A super-specific tag that covers only one of those myriad terrains only makes sense if that particular terrain needs the special attention that only a tag can bring but can’t do.

Does make it easier to find questions about jungles? No, searching jungle already does that.

Does make it easier for RPG jungle experts to find it? No, because those don’t exist.

Does collect together a significant sub-category of questions about terrain that should be collected together in their own right? No, such a nexus of question subjects has not emerged.

Does it help group together related questions? No, it actually harms Q grouping, a main purpose of tags: someone tagging with and leaving off actually removes it from the collection formed by the tag. (This has already happened on both Qs recently tagged !) Even with both, the only tag actually doing real grouping work there is is superfluous.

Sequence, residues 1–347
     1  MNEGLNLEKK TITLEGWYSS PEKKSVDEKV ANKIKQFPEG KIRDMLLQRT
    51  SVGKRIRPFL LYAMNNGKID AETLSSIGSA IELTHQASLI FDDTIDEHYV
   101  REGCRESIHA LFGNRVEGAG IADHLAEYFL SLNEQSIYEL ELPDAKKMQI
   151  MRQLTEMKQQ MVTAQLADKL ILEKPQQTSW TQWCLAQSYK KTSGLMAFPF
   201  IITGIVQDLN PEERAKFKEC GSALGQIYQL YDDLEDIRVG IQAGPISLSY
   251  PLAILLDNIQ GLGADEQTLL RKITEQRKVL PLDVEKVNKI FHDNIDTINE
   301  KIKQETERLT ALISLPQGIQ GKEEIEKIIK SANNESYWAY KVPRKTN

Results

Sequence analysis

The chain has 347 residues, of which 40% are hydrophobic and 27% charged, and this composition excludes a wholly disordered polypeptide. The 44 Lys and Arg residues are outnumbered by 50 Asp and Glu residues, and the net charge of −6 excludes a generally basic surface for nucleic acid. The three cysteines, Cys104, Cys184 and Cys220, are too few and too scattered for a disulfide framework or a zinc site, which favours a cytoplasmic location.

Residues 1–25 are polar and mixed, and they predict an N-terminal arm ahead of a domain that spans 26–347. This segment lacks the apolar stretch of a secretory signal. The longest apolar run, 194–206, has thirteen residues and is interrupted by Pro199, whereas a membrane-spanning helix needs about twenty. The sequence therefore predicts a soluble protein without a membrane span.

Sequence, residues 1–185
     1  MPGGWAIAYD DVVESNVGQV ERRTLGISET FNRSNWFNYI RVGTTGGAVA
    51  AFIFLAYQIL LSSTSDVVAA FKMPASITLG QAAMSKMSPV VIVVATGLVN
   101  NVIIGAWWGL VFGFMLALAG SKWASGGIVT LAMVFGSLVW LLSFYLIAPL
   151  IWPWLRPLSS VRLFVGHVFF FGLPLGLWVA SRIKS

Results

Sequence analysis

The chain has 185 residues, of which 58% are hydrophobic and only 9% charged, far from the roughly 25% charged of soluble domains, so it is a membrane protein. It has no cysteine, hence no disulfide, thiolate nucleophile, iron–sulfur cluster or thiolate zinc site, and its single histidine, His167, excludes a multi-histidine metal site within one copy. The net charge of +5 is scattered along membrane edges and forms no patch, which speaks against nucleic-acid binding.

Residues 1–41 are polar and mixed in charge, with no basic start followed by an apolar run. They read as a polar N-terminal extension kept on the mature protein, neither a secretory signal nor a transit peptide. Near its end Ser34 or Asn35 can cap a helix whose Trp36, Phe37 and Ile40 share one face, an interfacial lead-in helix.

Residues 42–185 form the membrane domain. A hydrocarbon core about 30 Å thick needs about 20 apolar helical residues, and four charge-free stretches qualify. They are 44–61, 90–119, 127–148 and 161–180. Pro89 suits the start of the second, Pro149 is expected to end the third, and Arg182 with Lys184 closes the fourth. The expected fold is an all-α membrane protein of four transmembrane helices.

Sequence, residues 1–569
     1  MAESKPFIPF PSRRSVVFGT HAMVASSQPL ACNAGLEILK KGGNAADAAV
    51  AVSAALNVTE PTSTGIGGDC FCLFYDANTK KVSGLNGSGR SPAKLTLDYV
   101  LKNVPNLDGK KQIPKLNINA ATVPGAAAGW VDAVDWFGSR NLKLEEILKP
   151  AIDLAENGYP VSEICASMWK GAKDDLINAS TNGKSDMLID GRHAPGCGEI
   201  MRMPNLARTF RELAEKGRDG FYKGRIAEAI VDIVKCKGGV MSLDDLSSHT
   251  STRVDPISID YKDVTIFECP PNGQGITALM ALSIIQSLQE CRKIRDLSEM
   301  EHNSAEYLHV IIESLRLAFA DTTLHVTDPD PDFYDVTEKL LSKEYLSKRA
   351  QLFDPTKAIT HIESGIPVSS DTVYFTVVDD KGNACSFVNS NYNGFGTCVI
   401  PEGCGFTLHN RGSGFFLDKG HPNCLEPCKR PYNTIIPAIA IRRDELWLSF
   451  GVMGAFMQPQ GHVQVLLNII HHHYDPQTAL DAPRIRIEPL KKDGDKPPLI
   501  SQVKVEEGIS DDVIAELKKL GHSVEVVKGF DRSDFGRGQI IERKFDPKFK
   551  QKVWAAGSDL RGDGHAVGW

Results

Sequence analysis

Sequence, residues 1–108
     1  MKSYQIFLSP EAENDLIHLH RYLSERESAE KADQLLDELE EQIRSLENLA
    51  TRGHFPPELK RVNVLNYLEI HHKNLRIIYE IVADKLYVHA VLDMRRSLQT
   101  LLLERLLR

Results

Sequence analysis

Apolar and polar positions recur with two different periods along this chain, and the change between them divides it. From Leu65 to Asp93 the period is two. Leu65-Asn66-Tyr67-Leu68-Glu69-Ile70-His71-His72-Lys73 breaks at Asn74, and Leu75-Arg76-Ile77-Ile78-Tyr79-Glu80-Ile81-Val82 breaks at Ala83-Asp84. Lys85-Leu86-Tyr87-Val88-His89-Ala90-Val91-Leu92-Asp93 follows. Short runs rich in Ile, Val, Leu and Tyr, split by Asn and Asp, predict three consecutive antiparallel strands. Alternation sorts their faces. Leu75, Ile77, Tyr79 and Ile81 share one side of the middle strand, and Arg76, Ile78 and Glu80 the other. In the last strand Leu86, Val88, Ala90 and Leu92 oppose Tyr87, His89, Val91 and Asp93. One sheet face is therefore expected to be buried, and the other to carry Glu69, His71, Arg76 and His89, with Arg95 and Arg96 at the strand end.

is useful, but only as a synonym to make sure that a Q gets the tag.

The novice tagger’s mistake

A common mistake of novice tag curators (such as many of our first askers, and many of our regular users who don’t work on the tagging part of the site project) is to tag for all the nouns in their question. That’s a mistake because that’s not what SE tags are for — they’re for a focused set of tags pulling out the subject(s) of a question. Tags beyond the subject are noise, and our database gets worse with noise, and noise is worse the larger our database gets.

(That last bit is why a mature folksonomy needs judicious pruning, as soon as the pruning need is noticed — when noticed, else it gets forgotten. Noise’s impact gets worse the larger the collection, because human attention doesn’t scale up with the size of a search result.)